7. This is the only recipe I found on the internet that comes close to my Grandparents recipe, which I thought was a secret lost time. Any peanut brittle recipe that uses a microwave should be considered dog food compared to this recipe. This will be a long post, and I apologize. All throughout my childhood when ever we went to Grandma and Grandpa’s house on the Island they always had warm hugs, cookies and peanut brittle. During High School they moved very close to us so we could help take care of them, which is also the time I learned “The Art” of making peanut brittle from them. Before they passed away they asked me if there was anything of theirs I would like to have and I asked for all their peanut brittle making stuff so I can carry on the tradition with my family. I am still using all of it to this day, including the aluminum pot they bought back in the 1950’s. When I say making peanut brittle is an “Art” I really do mean it, because you have to get the temperatures and timing just right. I’ve only ever given out this recipe to family to keep it a secret, but I agree with you Sandra, that other families should start this tradition as well. Watching his parents make peanut brittle is one of my Dad’s earliest childhood memories.

    So here are my recommendations: Do not get cheap ingredients, get good quality because it makes a difference. I don’t think using a non-stick pot is the best choice. Use a thin cookie sheet you can twist and turn once the peanut brittle has cooled, I still use my Grandparents pan and it is not non-stick, because it didn’t exist way back then. Use a metal stirring spoon that has open slots in the spoon part. Only use “raw” Spanish peanuts, they taste horrible raw but get cooked. Use a very good quality candy thermometer, this is a must! The thermometer my Grandparents used no longer had any temperature numbers on the lower half anymore because it had been used so much and only had two scratch marks on it for the peanut brittle temperatures. When I got a good quality thermometer I had to put it in the pot with their old one to even figure out what the temperature actually were. I still have their old one but its bee retired. You also have to always keep stirring, just enough so there doesn’t get any hot spots. If you can’t find raw peanuts in your local grocery store, you can easily get them online from the biggest online seller.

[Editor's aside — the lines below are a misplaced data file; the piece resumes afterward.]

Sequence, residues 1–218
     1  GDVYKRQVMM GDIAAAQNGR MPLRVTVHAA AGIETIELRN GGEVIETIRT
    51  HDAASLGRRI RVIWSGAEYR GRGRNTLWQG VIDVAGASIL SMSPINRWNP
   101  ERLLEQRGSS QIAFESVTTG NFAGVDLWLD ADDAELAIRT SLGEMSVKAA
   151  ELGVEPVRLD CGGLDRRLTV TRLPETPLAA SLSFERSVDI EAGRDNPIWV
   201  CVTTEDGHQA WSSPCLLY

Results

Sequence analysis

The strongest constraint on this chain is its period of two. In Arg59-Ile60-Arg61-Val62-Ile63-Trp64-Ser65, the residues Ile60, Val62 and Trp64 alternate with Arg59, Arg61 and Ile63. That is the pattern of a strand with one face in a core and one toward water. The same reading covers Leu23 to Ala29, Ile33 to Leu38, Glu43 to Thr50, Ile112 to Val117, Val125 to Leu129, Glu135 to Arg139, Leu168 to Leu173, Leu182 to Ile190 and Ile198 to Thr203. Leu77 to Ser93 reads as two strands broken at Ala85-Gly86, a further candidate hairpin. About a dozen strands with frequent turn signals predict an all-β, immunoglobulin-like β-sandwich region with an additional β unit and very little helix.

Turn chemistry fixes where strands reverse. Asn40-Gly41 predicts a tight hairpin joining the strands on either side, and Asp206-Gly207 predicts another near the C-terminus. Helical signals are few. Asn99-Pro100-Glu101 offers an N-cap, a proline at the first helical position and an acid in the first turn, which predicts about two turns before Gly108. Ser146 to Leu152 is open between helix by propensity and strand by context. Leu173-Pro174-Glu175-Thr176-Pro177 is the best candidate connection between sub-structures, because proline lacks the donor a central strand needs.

So now on to the recipe: All my ingredients are the same except I do not use 2 TBS of butter, the only butter I use is “stick” butter to butter the cookie sheet. I also add the Salt at the same time I add the Peanuts. The temperatures I use are 250 for when I add the Peanuts and Salt, then 290 when I add the Baking Soda and Vanilla. This next part I’m going to share with you I think is the most important part. You have to find just the right setting for your burner so the timing is almost just right. You might have to make a “throw away” batch or two like I did until you finally get it dialed in. From what I like to call a “cold” start, which is where you have the Pot on the burner (without the burner on yet), with the Sugar, Light Corn Syrup and Water already in the Pot and stirred together, from the moment you turn the burner on, it should take 11 minutes and 30 seconds to reach 250. It doesn’t have to be exactly that time but within 30 seconds before or after that time should be acceptable, but you should strive to get it perfected to get it as close as you can without having to adjust the burner knob during this cooking time. Then after you add the Peanuts and Salt (yes, the temperature on your thermometer will go down a little bit), it should take 5 minutes to reach 290., and constant stirring is off the utmost importance between 250 and 290. Do not let it go beyond 290 or your peanut brittle will be harder, so around 285 like Sandra suggests is a good idea to keep it more on the softer side. Like I said earlier, timing is the most important thing and you might have to adjust your burner setting just a little bit higher after you add the Peanuts and Salt so it doesn’t take to long to reach 290, which is why I think it doesn’t turn out that good for some people. Just to give you an idea, I have a glass stove top and I use the largest burner and set it to just a little past 8, which works for both temperatures, but I’ve used stoves in the past where I had to use 7-1/2 for the first setting, then turn it up to 8 after I added the Peanuts and Salt.